U.S. veteran Kerrey refuses to step down from Fulbright University Vietnam

By Kim Thuy   June 8, 2016 | 11:43 am GMT+7
U.S. veteran Kerrey refuses to step down from Fulbright University Vietnam
Bob Kerrey. Photo by AP

Former U.S. Senator Bob Kerrey has said that the backlash from his appointment as chair of Vietnam's first American-style, non-profit university will not stop him from moving forward to help advance the university.

Kerrey’s appointment at Fulbright University (FUV) has opened up old wartime wounds, fueling debate among the pubic who have recalled his role in a traumatic massacre in the peasant village of Thanh Phong in the southern province of Ben Tre during the American-Vietnam War.

When asked by Here & Now's Robin Young if he would step down from his position if it became an issue, he said no.

"If it was an American university maybe I would step down, but it's not; it's a Vietnamese university and the secretary of the party of Ho Chi Minh City fully supports the efforts and my measurement is that if I were to step down it would hurt the project," said Kerrey.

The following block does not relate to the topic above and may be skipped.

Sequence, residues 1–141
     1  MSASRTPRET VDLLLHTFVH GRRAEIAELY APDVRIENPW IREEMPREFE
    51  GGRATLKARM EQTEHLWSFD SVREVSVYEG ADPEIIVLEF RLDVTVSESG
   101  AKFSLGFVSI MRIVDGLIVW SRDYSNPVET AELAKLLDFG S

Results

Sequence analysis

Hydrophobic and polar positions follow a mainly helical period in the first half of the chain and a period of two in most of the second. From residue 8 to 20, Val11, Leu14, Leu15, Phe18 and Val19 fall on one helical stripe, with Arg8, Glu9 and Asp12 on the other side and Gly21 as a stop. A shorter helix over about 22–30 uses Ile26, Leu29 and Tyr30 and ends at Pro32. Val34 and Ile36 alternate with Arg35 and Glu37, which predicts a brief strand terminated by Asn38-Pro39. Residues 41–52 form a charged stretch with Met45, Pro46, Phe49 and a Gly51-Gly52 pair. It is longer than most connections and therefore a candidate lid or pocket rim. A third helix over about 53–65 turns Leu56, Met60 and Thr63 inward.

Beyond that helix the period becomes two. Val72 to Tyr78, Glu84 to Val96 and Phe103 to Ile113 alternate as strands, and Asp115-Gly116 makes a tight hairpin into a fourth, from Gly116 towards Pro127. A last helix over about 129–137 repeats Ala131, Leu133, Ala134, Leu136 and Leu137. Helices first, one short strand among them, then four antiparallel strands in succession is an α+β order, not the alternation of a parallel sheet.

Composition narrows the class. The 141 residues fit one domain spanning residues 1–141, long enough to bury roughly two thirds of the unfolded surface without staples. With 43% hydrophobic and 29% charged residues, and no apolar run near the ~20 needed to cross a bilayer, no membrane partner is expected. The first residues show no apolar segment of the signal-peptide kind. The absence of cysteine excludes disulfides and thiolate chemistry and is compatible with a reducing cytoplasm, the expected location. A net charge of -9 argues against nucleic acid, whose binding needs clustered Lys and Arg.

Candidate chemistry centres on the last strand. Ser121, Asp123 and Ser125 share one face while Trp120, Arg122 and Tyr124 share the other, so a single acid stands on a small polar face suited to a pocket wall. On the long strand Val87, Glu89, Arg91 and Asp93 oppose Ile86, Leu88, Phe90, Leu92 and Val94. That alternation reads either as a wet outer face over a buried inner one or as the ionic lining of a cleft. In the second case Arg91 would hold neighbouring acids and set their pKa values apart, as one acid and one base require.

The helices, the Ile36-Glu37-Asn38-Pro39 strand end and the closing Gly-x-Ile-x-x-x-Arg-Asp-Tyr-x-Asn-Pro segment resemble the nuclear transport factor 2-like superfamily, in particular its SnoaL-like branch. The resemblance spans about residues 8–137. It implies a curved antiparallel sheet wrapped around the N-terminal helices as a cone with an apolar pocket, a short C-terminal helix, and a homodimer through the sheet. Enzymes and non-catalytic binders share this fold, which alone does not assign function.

On February 25, 1969, Kerrey led a Swift Boat raid on the village targeting a communist leader whom intelligence suggested would be there. The village was considered part of a free-fire zone by the U.S. military.

However, the brutal operation went horribly wrong and at least 14 villagers, including women and children, were killed.

Fulbright University Vietnam in Ho Chi Minh City, will be open in September this year with a Masters in Public Policy. The U.S. government has committed to contribute more than $20 million to the new university. 

Vietnam’s government had approved in principle the university’s legal status, its own seal and bank account, while putting the school’s education and training program under the management of the Ministry of Education and Training.

 
 
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